African-American character actor Sam McDaniel (1886-1962) was born on this day. The older brother of the better known Hattie McDaniel, as well as younger sister Etta McDaniel, he started performing with his sister and other siblings in minstrel shows and black vaudeville, and like them often played stereotyped domestics and similar roles in Hollywood movies for decades.
Between 1929 and 1960 McDaniel appeared in 220 films. His one starring role was in the 1929 short Brown Gravy with the Georgia Jubilee Singers. Other notable stuff includes Hallelujah (1929), Harold Lloyd’s Movie Crazy (1932), Once in a Lifetime (1932), Footlight Parade (1933), Broadway Through a Keyhole (1933), The Old Fashioned Way (1934) with W.C. Fields, Belle of the Nineties (1934) with Mae West, Kid Millions (1935) with Eddie Cantor, Gold Diggers of 1935, George White’s 1935 Scandals, The Virginia Judge (1935), Poor Little Rich Girl (1936) with Shirley Temple, Polo Joe (1936) with Joe E. Brown, The Naughty Nineties (1945) with Abbott and Costello, a couple of Joe Palooka films, a couple of Ma and Pa Kettle films, The Secret Life of Walter Mitty (1947) with Danny Kaye, Heavenly Daze (1948) with the Three Stooges, Always Leave Them Laughing (1949) with Milton Berle, Carmen Jones (1954), St. Louis Blues (1958), several episodes of Amos ‘n’ Andy, and a 1955 episode of I Love Lucy — it is said that he was the only African American to ever appear in one.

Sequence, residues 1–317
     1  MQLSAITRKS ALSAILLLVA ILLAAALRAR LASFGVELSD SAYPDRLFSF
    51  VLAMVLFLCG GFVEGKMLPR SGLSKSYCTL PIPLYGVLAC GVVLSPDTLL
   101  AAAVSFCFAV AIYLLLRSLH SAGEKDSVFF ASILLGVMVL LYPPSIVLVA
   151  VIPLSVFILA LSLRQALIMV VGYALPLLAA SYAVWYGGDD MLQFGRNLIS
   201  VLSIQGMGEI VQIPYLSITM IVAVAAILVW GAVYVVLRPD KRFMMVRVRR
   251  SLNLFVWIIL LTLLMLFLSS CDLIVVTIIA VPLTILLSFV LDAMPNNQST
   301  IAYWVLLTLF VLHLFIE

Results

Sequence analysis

This partial list is skewed in the direction of classic comedy, musical comedy and vaudeville, our primary bailiwick, but he is in skads of other major Hollywood classics in other genres including westerns, gangster films and the like. His last film was The Adventures of Huckleberry Finn (1960).
To find out about the history of vaudeville, please see No Applause, Just Throw Money: The Book That Made Vaudeville Famous, and for more on classic film comedy, read Chain of Fools: Silent Comedy and Its Legacies from Nickelodeons to Youtube.